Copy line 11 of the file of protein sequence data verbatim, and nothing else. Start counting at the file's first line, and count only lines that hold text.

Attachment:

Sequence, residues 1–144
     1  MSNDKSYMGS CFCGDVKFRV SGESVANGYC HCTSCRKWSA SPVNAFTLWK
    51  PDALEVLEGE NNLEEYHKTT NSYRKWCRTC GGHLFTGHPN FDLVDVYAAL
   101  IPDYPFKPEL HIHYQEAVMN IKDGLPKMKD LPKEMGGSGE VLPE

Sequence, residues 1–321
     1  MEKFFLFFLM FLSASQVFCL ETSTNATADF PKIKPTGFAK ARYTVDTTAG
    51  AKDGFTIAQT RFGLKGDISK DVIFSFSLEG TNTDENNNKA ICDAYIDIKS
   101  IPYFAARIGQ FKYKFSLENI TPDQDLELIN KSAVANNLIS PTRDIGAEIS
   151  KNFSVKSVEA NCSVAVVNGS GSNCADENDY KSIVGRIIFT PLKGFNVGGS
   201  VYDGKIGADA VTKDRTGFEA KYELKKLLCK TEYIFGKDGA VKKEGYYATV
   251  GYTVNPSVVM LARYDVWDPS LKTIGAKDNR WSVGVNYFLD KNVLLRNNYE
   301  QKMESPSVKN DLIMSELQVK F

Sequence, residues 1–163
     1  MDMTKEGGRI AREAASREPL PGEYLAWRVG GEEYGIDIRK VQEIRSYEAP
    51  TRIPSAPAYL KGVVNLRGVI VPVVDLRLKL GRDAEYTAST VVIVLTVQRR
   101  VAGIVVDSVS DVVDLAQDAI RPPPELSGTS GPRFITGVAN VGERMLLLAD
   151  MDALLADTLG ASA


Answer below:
   251  GYTVNPSVVM LARYDVWDPS LKTIGAKDNR WSVGVNYFLD KNVLLRNNYE